Using Windows Vista Built-In Double Buffering

The solution to fixing flickering issues when drawing graphics is to use double buffering. Double buffering basically means that an off-screen buffer is created. Everything is rendered to this off-screen buffer and, when drawing is completed, this off-screen buffer is copied to the screen. The end result is that you do not see any flickering and you do not see the drawing being created part by part. A little unknown fact is that Windows Vista has built-in support for double buffering, so managing off-screen buffers, copying data, and so forth are all managed by Windows for you. This article will explain how to use that functionality.

Example Application

This article comes with an example application to illustrate the Windows Vista double buffering technique. For demonstration purposes, I created the following rendering function:

void RenderWindow(HDC hdc, RECT& rcClient)
{
   // Fill the entire background with a color
   HBRUSH hBrushWhite = (HBRUSH)GetStockObject(WHITE_BRUSH);
   FillRect(hdc, &rcClient, hBrushWhite);

   // Render some lines of text
   RECT rc = rcClient;
   rc.left += 16;
   static const int NUM = 10;
   for (int i=0; i<NUM; ++i)
   {
      if (bUseBufferedPainting)
         DrawText(hdc, L"Buffered Painting", -1, &rc, DT_TOP);
      else
         DrawText(hdc, L"Unbuffered Painting", -1, &rc, DT_TOP);
      // Spacing between the lines depends on the height of the window
      rc.top += (rcClient.bottom/NUM);
      // Wait a little bit to exaggerate the effect of flickering
      Sleep(10);
   }
}

The sleep call is added to slow down the rendering a little bit. The effect of this is that the flickering with non double buffering will be even more noticeable.

The WM_PAINT handler of the normal, unbuffered rendering is as follows:

case WM_PAINT:
   {
      RECT rc;
      GetClientRect(hWnd, &rc);

      hdc = BeginPaint(hWnd, &ps);
      RenderWindow(hdc, rc);
      EndPaint(hWnd, &ps);
   }
   break;

Nothing special up to now.

Using Double Buffering

Double buffering support in Windows Vista is called Buffered Painting. The first thing you need to do is to include the uxtheme header file and link with the uxtheme library. This can be done as follows:

#include <uxtheme.h>
#pragma comment(lib, "uxtheme.lib")

Before you use any buffered painting functions, it is highly recommended to call BufferedPaintInit. BufferedPaintInit should be called once in every thread that wants to use buffered painting. It will set up some internal buffers that will be reused with every buffered painting operation. Every call to BufferedPaintInit should be matched with a call to BufferedPaintUnInit. When you do not call BufferedPaintInit, it might be that buffered painting will still work but you will have degraded performance because some internal data structures will be created and destroyed every time you use buffered painting. A good idea is to call BufferedPaintInit in your WM_CREATE handler and to call BufferedPaintUnInit in your WM_NCDESTROY handler, as can be seen below.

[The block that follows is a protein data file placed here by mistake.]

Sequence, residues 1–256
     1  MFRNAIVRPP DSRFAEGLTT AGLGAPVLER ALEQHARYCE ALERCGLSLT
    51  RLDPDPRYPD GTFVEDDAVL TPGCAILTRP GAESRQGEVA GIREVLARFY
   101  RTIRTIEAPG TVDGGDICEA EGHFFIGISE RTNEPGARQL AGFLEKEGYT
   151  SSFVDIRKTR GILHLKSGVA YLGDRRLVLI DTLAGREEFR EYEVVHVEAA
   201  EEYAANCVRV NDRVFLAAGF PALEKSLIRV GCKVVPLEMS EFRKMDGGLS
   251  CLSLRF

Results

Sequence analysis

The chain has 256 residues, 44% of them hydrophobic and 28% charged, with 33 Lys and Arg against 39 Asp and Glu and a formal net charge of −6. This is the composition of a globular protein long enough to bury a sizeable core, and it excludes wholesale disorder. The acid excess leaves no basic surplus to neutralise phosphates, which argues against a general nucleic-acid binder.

LRESULT CALLBACK WndProc(HWND hWnd, UINT message, WPARAM wParam,
                         LPARAM lParam)
{
   int wmId, wmEvent;
   PAINTSTRUCT ps;
   HDC hdc;

   switch (message)
   {
   case WM_CREATE:
      BufferedPaintInit();
      break;
   case WM_NCDESTROY:
      BufferedPaintUnInit();
      break;
   // ...
   // ...
   default:
      return DefWindowProc(hWnd, message, wParam, lParam);
   }
   return 0;
}

Now, to actually use the buffered painting, you call BeginBufferedPaint which will give you a new device context. This is the off-screen buffer to which you render everything. Once you call EndBufferedPaint, this off-screen buffer can be copied to the screen for you. Below is some code to demonstrate this.

case WM_PAINT:
{
   RECT rc;
   GetClientRect(hWnd, &rc);

   // Normal BeginPaint call
   hdc = BeginPaint(hWnd, &ps);

   if (bUseBufferedPainting)
   {
      // Try to use buffered painting
      HDC hNewDC;
      HPAINTBUFFER hBufferedPaint =
         BeginBufferedPaint(hdc, &rc, BPBF_COMPATIBLEBITMAP,
                            NULL, &hNewDC);
      if (hBufferedPaint)
      {
         // Starting of buffered painting was successful,
         // so render to the new device context
         RenderWindow(hNewDC, rc);
         // Stop buffered painting.
         // The TRUE means the off-screen buffer will be copied
         // to the hdc that was specified in the call
         // to BeginBufferedPaint.
         EndBufferedPaint(hBufferedPaint, TRUE);
      }
      else
      {
         // Buffered painting failed. Use unbuffered method,
         // rendering directly to the screen.
         RenderWindow(hdc, rc);
      }
   }
   else
   {
      RenderWindow(hdc, rc);
   }

   // Normal EndPaint call
   EndPaint(hWnd, &ps);
}
break;

With the call to BeginBufferedPaint, you start your buffered painting. The third parameter to this function defines the type of off-screen buffer that will be created. The following options are available (from MSDN):

  • BPBF_COMPATIBLEBITMAP: Compatible bitmap. The number of bits per pixel is based on the color format of the device associated with the HDC specified with BeginBufferedPaint—typically, this is the display device.
  • BPBF_DIB: Bottom-up device-independent bitmap. The origin of the bitmap is the lower-left corner. Uses 32 bits per pixel.
  • BPBF_TOPDOWNDIB:Top-down device-independent bitmap. The origin of the bitmap is the upper-left corner. Uses 32 bits per pixel.
  • BPBF_TOPDOWNMONODIB: Top-down, monochrome, device-independent bitmap. Uses 1 bit per pixel.

Setting this to, for example, BPBF_DIB will ensure you always have a 32 bit off-screen buffer, so you can always draw in 32 bit regardless of your current monitor settings.

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